Home prices are plummeting in these 9 major US cities

Real estate prices concern everyone, whether you own a home or are renting one. Affordability and cost of living are crucial factors when trying to make long-term plans, find new jobs, or deciding where and when to make an investment. Price bubbles come and go, and jobs move from one area to another. And when or if you need to move, finding a house in an area in which you can afford can be difficult.

To identify places with great housing affordability, GOBankingRates surveyed the 250 largest U.S. cities by population to determine where home prices are falling the most, according to Zillow's most recent figures. Based on year-over-year changes in prices, nine major cities saw prices fall by $5,000 or more, with cities clustered in the Southeast and South, especially Texas.

Click through to see where prices are falling — and see where they're skyrocketing.

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Major cities where home prices are plummeting
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Major cities where home prices are plummeting

9. Newark, Del.

  • April 2016 median list price: $220,000
  • April 2017 median list price: $215,000
  • Year-over-year change in median listing price: -$5,000

Newark home prices have been dropping for the past three years. From April 2014 to April 2015, the median list price dropped more than $3,000. The next year it dropped close to $5,000.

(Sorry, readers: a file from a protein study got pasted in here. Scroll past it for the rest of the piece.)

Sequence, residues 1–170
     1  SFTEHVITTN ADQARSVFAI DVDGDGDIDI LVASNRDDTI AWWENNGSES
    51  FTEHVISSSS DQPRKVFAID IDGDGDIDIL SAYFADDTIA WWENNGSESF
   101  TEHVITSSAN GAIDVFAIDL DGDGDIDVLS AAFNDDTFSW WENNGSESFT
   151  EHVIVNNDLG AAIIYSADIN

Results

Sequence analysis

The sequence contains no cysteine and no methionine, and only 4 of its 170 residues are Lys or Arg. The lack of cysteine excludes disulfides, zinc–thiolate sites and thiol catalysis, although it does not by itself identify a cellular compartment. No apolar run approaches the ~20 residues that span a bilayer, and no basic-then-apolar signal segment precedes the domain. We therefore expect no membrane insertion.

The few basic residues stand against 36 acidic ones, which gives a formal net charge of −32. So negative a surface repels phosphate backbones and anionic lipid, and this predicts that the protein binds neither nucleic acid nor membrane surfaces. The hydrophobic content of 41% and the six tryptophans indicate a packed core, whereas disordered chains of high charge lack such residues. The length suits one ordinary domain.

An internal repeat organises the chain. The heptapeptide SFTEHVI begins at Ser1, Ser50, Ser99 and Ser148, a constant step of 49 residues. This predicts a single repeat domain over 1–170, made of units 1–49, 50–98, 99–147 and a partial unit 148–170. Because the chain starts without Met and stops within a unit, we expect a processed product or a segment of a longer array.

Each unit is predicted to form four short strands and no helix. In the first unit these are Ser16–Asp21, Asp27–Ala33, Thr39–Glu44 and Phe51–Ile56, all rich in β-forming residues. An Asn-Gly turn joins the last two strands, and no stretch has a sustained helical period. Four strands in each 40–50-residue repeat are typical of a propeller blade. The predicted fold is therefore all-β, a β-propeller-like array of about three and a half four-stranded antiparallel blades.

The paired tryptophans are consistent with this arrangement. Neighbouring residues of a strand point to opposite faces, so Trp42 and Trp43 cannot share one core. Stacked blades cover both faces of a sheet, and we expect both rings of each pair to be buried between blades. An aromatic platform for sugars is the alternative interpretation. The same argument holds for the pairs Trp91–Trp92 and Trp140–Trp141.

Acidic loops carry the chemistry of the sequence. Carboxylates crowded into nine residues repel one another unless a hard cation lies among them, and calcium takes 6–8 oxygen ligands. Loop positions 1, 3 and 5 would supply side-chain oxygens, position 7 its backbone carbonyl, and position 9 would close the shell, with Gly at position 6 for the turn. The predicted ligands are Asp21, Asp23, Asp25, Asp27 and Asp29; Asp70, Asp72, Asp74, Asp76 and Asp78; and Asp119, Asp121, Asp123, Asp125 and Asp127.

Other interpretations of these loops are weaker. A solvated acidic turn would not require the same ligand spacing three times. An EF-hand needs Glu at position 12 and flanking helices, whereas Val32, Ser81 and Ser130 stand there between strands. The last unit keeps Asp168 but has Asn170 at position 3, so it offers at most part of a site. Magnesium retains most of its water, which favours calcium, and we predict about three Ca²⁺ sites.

Newark lies in the Philadelphia-Camden-Wilmington metro area. Compared to the rest of the area, Newark has a higher percentage of low-income residents. Almost 20 percent are earning under $15,000, compared to around 12 percent for the metro area.

(gregobagel via Getty Images)

8. Columbus, Ga.

  • April 2016 median list price: $120,000
  • April 2017 median list price: $115,000
  • Year-over-year change in median listing price: -$5,000

Columbus lies on the border of Georgia and Alabama. While home values have increased 16 percent nationally in the last five years, in Columbus they've dropped by close to 9 percent, according to Sperling's. They might be dropping, but they're also the lowest of all the cities on this list. You'll be able to buy a lot of house for your money.

Home prices in Columbus have been falling for longer than the past year. In April 2014, the median listing price stood at $134,900. It dropped to $129,900 by April 2015, then declined nearly $10,000 over the next year. From 2014 to 2017, the median listing price has declined by nearly 15 percent.

7. Montgomery, Ala.